As I mentioned earlier, a big attraction to dog training for me was the science. A desire to understand how things work led me to my job in the Army (radar repair), my first civilian career (industrial equipment repair) and ultimately my current day job (computer programming.) Discovering how dog training works — or more accurately how animals learn — set the hook for my new career.
As I stood in puppy class with Caffeine and the trainer showed us how to lure a sit, a new world literally opened up to me. No forcing, no pulling, no yelling. Show her what you want, get it, reward it.
You can spend a lot of time analyzing dog-dog relationships and dog-human relationships. You can spend hours more arguing over different tools, different techniques, and different models for describing how and why dogs do what they do and who they do it to. You could even create the field of “dog psychology” from whole cloth and get yourself a TV show. But at the end of the day:
- If you want your dog to do something, make it work for them.
- If you want your dog to stop doing something, make it not work for them any more.
- There is no number three. It’s just that simple.
If this sounds oversimplified that’s because it is — but it’s an oversimplification you can do a lot with.
Operant conditioning describes how voluntary behavior is effected by its consequences. When we are teaching our dogs new behaviors or trying to eliminate others, we are employing operant conditioning. (When we are dealing with emotional responses and behaviors that are not entirely voluntary it’s a different story and a different blog post.)
- When a behavior is reinforced the consequence is something that makes it happen more often.
- When a behavior is punished the consequence is something that makes it happen less often.
The term "punished" in the second rule is the source of a lot of confusion. In operant terminology "punish" means reducing the frequency of a behavior. Punishment does not have to be painful or frightening. "Punish" was not the best choice of words, but B.F. Skinner wasn’t thinking about dog trainers and their clients when he picked it.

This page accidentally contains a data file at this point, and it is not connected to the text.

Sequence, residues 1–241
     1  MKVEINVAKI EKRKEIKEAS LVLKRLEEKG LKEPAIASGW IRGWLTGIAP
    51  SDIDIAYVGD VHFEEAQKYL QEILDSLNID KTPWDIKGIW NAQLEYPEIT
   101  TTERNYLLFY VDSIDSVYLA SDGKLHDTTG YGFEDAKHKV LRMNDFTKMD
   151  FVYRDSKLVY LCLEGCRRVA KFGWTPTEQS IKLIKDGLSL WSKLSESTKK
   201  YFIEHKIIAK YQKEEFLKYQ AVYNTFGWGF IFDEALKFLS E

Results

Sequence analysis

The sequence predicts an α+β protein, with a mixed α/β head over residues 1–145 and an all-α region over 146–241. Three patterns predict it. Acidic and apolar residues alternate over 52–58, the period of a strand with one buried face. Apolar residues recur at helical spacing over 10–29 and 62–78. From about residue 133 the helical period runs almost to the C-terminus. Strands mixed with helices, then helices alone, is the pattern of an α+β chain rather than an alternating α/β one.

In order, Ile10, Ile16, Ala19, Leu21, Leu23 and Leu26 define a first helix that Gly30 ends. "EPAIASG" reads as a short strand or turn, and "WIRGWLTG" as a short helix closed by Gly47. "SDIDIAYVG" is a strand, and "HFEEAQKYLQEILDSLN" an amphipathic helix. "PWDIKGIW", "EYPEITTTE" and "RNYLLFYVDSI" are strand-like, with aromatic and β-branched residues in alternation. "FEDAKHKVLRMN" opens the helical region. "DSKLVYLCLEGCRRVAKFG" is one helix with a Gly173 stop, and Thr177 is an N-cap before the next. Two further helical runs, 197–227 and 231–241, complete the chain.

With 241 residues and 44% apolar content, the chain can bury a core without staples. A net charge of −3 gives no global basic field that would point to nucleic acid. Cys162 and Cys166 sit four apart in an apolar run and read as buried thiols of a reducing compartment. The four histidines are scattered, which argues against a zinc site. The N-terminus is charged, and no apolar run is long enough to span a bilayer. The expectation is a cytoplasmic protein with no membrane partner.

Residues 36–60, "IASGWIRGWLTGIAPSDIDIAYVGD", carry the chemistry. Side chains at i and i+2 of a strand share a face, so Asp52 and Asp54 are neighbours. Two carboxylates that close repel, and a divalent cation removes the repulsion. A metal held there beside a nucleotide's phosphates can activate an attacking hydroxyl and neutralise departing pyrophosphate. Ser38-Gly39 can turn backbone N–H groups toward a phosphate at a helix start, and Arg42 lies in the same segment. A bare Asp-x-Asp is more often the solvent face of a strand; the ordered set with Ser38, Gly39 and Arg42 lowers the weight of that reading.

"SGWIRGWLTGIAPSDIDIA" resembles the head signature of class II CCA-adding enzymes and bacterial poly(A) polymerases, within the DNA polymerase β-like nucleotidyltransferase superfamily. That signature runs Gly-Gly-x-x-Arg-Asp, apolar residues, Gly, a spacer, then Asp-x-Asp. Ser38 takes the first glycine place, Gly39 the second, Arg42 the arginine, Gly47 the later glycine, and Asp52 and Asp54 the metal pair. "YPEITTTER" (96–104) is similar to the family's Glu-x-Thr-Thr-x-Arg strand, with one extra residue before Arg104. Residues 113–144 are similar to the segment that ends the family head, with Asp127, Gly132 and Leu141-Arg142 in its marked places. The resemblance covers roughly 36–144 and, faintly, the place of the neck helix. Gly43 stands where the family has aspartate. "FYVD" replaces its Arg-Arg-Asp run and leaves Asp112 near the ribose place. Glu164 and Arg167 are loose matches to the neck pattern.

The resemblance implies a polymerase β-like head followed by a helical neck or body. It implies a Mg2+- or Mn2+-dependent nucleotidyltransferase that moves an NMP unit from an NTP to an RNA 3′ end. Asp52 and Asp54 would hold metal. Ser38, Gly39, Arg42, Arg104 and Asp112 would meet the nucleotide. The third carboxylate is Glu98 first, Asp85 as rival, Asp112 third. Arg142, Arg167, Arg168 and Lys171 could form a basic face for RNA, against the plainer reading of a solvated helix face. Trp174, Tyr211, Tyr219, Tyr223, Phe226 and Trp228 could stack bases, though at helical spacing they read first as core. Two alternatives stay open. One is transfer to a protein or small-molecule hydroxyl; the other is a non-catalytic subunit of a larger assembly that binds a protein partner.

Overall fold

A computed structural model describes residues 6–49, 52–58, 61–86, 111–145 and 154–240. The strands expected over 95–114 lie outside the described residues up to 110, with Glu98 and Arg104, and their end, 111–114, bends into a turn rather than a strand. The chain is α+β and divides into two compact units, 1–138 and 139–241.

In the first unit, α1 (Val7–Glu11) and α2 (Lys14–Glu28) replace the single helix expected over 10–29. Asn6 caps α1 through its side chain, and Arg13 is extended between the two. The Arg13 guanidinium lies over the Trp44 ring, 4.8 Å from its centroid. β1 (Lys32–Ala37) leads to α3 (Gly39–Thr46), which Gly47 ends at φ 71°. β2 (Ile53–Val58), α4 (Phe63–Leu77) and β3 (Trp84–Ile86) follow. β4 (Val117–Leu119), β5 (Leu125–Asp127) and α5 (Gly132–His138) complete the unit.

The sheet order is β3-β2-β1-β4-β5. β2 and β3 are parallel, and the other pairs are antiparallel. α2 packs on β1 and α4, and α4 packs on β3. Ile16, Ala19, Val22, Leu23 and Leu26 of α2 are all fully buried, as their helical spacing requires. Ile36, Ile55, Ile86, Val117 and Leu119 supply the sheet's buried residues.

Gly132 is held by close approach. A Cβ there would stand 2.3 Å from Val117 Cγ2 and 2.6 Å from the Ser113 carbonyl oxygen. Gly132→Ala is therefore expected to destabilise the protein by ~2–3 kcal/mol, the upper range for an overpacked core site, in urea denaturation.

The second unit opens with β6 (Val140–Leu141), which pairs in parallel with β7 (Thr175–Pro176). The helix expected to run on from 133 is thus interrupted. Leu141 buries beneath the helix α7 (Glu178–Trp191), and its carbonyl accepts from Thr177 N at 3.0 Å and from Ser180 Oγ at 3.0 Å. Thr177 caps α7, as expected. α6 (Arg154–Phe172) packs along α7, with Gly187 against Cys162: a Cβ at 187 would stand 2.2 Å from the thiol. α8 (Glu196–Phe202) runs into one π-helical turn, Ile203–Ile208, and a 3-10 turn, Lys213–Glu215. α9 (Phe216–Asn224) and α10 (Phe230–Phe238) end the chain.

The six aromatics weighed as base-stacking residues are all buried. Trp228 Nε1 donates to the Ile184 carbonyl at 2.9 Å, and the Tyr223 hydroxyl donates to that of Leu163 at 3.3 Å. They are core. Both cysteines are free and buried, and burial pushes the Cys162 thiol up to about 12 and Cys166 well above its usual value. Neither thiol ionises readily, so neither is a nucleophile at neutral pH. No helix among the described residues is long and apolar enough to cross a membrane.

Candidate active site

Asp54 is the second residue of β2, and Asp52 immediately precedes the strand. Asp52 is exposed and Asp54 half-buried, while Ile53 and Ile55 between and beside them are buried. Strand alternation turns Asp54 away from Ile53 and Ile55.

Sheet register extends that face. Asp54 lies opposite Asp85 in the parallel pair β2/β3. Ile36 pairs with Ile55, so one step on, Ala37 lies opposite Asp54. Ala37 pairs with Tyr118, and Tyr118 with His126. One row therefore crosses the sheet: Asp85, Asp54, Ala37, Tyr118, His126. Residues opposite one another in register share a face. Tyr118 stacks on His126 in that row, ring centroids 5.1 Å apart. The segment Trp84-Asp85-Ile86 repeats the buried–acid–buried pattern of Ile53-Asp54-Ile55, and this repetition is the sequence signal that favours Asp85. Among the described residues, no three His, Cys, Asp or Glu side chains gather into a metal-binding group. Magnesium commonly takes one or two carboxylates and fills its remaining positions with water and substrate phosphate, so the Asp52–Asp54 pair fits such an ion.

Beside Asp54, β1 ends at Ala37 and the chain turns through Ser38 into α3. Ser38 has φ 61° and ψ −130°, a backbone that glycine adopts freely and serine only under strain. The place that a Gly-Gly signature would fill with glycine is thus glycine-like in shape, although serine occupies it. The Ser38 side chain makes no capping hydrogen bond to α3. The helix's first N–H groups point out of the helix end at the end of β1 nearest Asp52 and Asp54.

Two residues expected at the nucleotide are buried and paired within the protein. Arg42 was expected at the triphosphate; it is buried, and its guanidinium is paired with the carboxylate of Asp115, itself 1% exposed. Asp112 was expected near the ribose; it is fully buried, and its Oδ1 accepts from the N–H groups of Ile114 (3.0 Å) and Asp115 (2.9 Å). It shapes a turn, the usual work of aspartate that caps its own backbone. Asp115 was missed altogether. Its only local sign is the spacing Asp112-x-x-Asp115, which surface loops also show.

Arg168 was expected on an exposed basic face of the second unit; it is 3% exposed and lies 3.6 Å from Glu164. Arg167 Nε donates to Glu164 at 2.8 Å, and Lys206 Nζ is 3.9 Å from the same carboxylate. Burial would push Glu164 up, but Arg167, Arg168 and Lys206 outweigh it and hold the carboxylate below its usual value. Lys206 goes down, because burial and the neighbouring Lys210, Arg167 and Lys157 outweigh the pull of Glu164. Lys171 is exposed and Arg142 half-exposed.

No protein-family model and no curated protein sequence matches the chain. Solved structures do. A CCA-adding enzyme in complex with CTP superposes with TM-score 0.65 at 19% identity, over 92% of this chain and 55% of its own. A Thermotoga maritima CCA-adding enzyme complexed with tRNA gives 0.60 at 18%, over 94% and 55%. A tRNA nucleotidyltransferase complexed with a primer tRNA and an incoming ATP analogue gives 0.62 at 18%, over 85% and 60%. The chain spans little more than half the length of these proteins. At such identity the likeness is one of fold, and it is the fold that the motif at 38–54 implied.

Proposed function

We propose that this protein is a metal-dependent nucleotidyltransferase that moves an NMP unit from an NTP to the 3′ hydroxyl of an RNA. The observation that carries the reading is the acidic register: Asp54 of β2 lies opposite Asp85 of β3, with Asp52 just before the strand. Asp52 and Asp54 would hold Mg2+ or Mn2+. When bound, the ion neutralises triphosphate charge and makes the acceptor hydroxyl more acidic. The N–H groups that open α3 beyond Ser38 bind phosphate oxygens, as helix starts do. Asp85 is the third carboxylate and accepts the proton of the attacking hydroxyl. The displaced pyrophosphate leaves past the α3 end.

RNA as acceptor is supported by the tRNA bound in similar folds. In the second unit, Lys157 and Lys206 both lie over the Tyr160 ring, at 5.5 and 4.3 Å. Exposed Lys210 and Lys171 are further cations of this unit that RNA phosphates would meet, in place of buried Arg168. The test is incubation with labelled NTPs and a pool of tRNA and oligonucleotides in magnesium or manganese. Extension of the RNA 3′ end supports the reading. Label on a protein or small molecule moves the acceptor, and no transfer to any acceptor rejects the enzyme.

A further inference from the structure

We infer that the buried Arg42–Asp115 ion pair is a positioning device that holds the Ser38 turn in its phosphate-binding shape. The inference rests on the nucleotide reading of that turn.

Alas, the poor word choice didn’t stop there. When describing how punishers and reinforcers are used, we refer to "positive" and "negative", further muddying the waters. Positive is adding something and negative is taking something away. This makes perfect sense right after fifth period algebra, but starts to get sticky later on when you have a leash, some treats in your pocket, and an unruly Border Collie mix to contend with.
- Positive Reinforcement – adding something to make a behavior happen more often.
- Negative Reinforcement – taking something away to make a behavior happen more often.
- Positive Punishment – adding something to make a behavior happen less often.
- Negative Punishment – taking something away to make a behavior happen less often.
Positive reinforcement makes intuitive sense: add something like a piece of chicken or a game of tug to make your dog come to you more often.
Positive punishment seems obvious too: add something like a leash pop or a well-timed reprimand to make a bad behavior happen less often.
Negative reinforcement…how do you take something away to make a behavior happen more frequently? Well, the thing you take away would have to be unpleasant, thereby improving things for the dog. Think about it. Generally not very nice since the unpleasant thing needs to be added first.
Negative punishment makes a lot of sense once you think it through. If the consequence of a behavior makes something good go away, that behavior should stop or at least happen less often. Think about a dog jumping up to take food from your hand and you moving your hand away.
I get confused too. These "four quadrants" are the source of a lot of pointless debate. Some of it is over which quadrants should be used, when, and why. Other debates are over which quadrant(s) are working in what situation. I find these debates maddening enough that I personally leaving the quadrants out of this post.
Before we move on, there’s one important thing I want you to look back at: "more often" and "less often". Reinforcers and punishers affect the frequency of a behavior. They do not necessarily "stop" a behavior or immediately make a behavior guaranteed.
Next week: how we actually use this science.
And since you asked:
Now go find that Gary Numan video. You know you want to.
Photo Credit: Extra Ketchup